WHAT do you do about the relentless and vicious anti-independence abuse from the Unionists and those with an interest in keeping the status quo (Carolyn Leckie: Being abusive and obnoxious will put people off voting Yes, The National, Aug 7)?

Let’s look at other independence movements in other countries. By and large, did they stoically turn the other cheek to a relentless campaign of undermining everything about themselves that they knew would be of strategic importance after independence? No, they did not. Some even took up arms. Scotland’s struggle for her independence has been one of peaceful resistance by the main elements of the movement. Never has the SNP advocated taking up armed struggle.

Keyboard warriors are not warriors per se: they are people who may go overboard in advocating independence, but they have a long way to go before they reach the dizzy depths of nastiness plumbed by the anti-independence lot. The status quo-ers are more vicious because they have most to lose, or think they do.

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The UK has long been the type of political union that dishes out “a good kicking” to those who dare to raise their heads above the parapet. Pandering to this kind of behaviour is not to be tolerated by any society that deems itself to be democratic. That, unfortunately, is just what Carolyn Leckie and others advocate. It is not racist to say that the English minority in Scotland scuppered the first indyref, because that is a truth that defies challenge. Even the Edinburgh University study of 2015 acknowledged that truth, but, still, we have nasty people from the anti-independence side, and a few from the independence side itself, who choose to ignore reality and accuse those who state this truth to be “Nazis”, “racists”, et al. If we cannot win a second indyref because these self-same people will vote No again in similar numbers, just how do we win? By persuasion? No, because these people will never be persuaded. That is also a truth that many fail to acknowledge.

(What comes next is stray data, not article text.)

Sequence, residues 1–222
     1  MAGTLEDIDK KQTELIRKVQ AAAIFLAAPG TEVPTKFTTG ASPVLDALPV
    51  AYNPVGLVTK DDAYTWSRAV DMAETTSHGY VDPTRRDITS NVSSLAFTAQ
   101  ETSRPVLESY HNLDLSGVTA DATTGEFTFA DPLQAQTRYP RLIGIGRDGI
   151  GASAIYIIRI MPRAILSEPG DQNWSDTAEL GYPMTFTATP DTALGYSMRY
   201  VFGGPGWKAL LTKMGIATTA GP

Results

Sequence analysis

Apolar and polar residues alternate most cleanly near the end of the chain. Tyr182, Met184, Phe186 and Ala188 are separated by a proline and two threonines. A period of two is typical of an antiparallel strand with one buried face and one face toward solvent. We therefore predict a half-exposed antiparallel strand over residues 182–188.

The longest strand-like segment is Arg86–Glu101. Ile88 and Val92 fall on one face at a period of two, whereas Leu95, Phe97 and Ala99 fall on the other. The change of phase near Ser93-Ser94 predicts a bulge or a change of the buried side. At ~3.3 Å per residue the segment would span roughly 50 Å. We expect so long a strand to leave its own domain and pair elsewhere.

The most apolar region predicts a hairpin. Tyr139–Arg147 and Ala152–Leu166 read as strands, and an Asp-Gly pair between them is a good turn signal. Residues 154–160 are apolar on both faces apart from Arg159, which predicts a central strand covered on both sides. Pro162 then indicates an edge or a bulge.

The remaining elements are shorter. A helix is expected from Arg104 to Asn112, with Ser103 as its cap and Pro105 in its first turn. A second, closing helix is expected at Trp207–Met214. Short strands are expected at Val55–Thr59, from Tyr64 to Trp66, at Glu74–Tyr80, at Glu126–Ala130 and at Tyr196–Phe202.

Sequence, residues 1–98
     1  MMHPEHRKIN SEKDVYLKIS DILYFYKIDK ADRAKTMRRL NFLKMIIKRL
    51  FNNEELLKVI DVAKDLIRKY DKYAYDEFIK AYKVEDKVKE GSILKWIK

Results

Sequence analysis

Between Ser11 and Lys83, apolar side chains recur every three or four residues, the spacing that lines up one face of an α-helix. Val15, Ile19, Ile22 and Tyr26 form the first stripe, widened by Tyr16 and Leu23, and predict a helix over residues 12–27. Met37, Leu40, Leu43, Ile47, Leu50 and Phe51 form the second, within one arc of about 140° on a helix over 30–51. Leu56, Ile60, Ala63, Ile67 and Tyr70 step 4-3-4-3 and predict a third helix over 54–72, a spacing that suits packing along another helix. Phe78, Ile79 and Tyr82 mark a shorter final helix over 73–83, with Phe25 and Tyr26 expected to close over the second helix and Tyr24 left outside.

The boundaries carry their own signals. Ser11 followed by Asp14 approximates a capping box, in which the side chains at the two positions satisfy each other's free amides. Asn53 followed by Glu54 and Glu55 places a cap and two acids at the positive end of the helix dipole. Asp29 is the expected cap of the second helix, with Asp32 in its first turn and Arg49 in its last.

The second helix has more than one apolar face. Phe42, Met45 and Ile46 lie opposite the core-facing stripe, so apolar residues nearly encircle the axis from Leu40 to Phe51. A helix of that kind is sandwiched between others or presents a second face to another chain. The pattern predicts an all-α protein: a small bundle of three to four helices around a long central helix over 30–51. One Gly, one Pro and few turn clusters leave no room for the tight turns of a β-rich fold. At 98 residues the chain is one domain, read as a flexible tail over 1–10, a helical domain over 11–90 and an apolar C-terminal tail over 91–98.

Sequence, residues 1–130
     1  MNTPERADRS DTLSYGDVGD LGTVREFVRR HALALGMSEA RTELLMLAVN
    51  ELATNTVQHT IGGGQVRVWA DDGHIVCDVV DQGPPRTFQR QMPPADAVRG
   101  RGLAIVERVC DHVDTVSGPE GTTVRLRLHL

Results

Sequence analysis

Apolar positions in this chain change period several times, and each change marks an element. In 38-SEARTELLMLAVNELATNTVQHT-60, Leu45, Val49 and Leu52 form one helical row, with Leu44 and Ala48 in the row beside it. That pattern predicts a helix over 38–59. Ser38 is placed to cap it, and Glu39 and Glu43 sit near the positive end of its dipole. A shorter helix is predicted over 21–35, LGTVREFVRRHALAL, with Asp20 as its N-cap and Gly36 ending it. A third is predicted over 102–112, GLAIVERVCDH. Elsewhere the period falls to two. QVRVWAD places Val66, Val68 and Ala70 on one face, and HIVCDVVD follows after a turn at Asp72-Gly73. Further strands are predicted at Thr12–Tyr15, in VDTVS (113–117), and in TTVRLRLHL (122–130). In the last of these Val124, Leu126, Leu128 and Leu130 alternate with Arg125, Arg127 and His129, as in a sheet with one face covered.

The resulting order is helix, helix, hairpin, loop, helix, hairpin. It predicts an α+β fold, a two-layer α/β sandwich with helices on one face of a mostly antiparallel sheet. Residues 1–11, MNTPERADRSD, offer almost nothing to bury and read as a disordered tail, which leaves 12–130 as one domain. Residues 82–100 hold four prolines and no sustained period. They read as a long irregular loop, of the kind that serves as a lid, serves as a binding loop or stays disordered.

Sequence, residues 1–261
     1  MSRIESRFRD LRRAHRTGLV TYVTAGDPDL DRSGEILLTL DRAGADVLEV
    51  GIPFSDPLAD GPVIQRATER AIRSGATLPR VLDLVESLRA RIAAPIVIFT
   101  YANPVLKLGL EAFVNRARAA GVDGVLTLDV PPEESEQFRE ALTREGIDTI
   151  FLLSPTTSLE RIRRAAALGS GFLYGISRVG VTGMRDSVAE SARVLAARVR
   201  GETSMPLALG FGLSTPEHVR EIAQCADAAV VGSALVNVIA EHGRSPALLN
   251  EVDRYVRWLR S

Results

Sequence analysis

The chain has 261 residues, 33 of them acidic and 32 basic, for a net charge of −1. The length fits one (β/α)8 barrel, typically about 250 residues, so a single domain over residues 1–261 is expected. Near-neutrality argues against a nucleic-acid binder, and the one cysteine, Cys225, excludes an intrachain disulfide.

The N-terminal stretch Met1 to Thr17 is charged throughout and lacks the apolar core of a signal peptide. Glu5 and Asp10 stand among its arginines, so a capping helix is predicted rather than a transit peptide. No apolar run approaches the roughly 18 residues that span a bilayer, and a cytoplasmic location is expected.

The aim is not to alienate or antagonize that English minority, nor is it to persuade them to leave Scotland: the aim of pointing out their voting behaviour vis-à-vis independence is to pose the question, why? Are they reluctant to integrate and become part of Scotland, but would prefer to sit it out in a “colony” as nabobs of a defunct empire rather than be part of a vibrant new Scotland? Many do support independence, but they are those who have few conflicting feelings about being part of a new Scotland.